For B2B and B2C invoices, issuers and receivers exchange invoices in formats and methods mutually agreed upon, such as EDI, email, web uploads etc. However, businesses are likely to transition to structured e-invoicing over time, especially if it gets mandated.
E-Invoice Processing and Integration
The National Public Procurement Portal automates much of the invoice receipt, registration and routing process for government entities. Invoice data can be fed into the entity’s financial system, avoiding manual re-entry.
However, proper integration still needs to be implemented by each public entity to update payables in accounting, post against appropriate cost centers, reconcile invoices and perform three-way matching with purchase orders.
Private companies face similar integration challenges to incorporate inbound e-invoices into their financial systems and ERPs seamlessly. Adoption of automated workflows for handling and approval of e-invoices can significantly optimize the order-to-pay cycle.
Asynchronous document exchange flow
|Asynchronous document exchange flow|
- Emitter system (ERP) sends a legal document (invoice, credit note, or debit note) and immediately receives (synchronously) a RequestId.
- If the document is processed successfully (quality control with no reported errors),eSPap sends the document to the receiving system through the established communication channel.
- At any time, the emitter system can inquire with eSPap systems using the RequestId, sent in the document submission response (1), to obtain the result of the document processing.
- As soon as the emitter system obtains the processing result, it can inquire about the document's status at any time, using either the RequestId or the Business Key.
- The receiving system sends N status messages according to the processing and validation of the document in its systems.
Benefits and Challenges of E-Invoicing
The transition to e-invoicing brings significant benefits but also some change management challenges:
- Cost reduction from eliminating paper and manual processing
- Faster settlement of invoices and improved cash flow
- Increased accuracy of data for accounting and tax reporting
- Enhanced visibility into invoice processing status
- Better archival and analytics on invoice data
- Seamless integration with national reporting systems
- Change management and user training on new processes
- Upgrading existing finance systems and integration work needed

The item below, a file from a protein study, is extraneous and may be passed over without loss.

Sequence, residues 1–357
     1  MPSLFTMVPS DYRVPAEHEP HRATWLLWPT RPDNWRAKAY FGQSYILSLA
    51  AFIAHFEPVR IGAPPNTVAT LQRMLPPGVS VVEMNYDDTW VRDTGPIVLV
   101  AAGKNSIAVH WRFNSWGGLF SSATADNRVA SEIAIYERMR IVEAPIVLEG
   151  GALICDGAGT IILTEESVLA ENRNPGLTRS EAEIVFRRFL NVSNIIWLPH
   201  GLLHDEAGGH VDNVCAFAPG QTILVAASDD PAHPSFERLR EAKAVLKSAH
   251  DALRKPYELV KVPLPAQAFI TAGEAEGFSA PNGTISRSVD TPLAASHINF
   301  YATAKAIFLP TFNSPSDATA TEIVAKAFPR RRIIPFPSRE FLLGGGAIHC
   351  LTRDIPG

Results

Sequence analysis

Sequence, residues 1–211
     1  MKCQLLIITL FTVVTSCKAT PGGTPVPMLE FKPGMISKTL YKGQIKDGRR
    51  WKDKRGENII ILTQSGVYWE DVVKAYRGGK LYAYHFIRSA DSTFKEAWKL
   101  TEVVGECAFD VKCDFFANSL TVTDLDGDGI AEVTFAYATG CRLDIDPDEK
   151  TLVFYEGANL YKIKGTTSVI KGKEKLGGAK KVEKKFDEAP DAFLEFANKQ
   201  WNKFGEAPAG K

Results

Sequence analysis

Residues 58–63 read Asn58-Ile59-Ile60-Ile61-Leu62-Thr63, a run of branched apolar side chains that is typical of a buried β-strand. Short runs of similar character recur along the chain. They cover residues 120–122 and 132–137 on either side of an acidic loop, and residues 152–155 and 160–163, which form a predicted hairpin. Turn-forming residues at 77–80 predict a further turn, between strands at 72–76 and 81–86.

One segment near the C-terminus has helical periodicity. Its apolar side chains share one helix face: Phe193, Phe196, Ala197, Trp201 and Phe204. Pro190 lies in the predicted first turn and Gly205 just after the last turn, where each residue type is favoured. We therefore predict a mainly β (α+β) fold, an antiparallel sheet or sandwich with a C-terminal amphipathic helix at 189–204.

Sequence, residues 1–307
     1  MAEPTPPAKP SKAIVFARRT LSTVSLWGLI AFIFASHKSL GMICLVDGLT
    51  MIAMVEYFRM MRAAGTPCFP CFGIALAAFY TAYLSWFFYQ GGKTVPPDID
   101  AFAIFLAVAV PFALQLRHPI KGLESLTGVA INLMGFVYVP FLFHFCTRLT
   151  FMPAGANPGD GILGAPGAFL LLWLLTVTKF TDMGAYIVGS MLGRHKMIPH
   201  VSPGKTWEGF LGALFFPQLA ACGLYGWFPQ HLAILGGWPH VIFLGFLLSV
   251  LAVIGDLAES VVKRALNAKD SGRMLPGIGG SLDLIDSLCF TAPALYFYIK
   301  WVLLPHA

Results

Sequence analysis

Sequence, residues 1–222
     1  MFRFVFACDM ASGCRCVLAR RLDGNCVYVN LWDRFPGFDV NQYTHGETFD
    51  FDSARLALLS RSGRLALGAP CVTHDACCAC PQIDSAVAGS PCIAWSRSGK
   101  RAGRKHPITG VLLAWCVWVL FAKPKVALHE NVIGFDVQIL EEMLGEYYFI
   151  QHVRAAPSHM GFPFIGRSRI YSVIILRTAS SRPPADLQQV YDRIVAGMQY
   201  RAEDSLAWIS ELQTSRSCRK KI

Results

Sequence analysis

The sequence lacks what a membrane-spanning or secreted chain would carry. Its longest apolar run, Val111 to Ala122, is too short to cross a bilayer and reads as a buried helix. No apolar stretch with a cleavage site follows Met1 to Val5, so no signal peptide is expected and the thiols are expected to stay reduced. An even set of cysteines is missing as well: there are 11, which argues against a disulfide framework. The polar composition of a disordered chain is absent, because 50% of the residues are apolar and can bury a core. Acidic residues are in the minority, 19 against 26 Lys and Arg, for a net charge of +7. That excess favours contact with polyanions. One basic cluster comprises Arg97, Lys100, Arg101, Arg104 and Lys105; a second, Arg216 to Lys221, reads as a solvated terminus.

- Dependency on reliability of central e-invoicing platform
- Adapting workflows to handle exceptions like rejections
- Getting buy-in and transitioning suppliers currently issuing paper invoices
- Cybersecurity risks from increasing digital attack surfaces
Overall, the gains for government, private entities, and the national economy from transitioning to automated e-invoicing at scale justify the temporary disruptions and costs involved.
Recommendations for Smooth Transition
Both private and public sector organizations in Portugal should take the following steps for a successful transition to e-invoicing:
- Do a comprehensive review of existing invoice workflows and data needs – identify changes required to extract and provide all information required for structured e-invoicing.
- Assess software systems and determine upgrades, integrations, and new solutions needed – including accounting software, ERPs, procurement systems, etc.
- Consult with major existing suppliers and key customers on their e-invoicing readiness and capabilities.
- Provide technical specifications and testing facilities early on to involve suppliers in the transition.
- Validate that all electronic invoice formats and transmission methods comply with legal requirements.
- Train accounts payable and procurement teams on new e-invoicing procedures and exception management.
- Implement robust cybersecurity controls to prevent unauthorized access to invoice data during transmission or storage.
- Start transition by onboarding larger suppliers first followed by smaller suppliers – conduct pilot tests before full-scale rollout.
- Plan for contingencies and business continuity procedures in case of disruptions to availability of e-invoicing platforms.
Portugal’s e-invoicing mandate for the public sector aims to increase efficiency, improve financial controls, close revenue gaps, and integrate with national reporting systems. The cost savings for government alone are estimated at €195 million annually. The digital invoicing transformation will deliver significant productivity gains and economic benefits nationally in the long term.
Frequently Asked Questions
Here are answers to some common questions about e-invoicing in Portugal: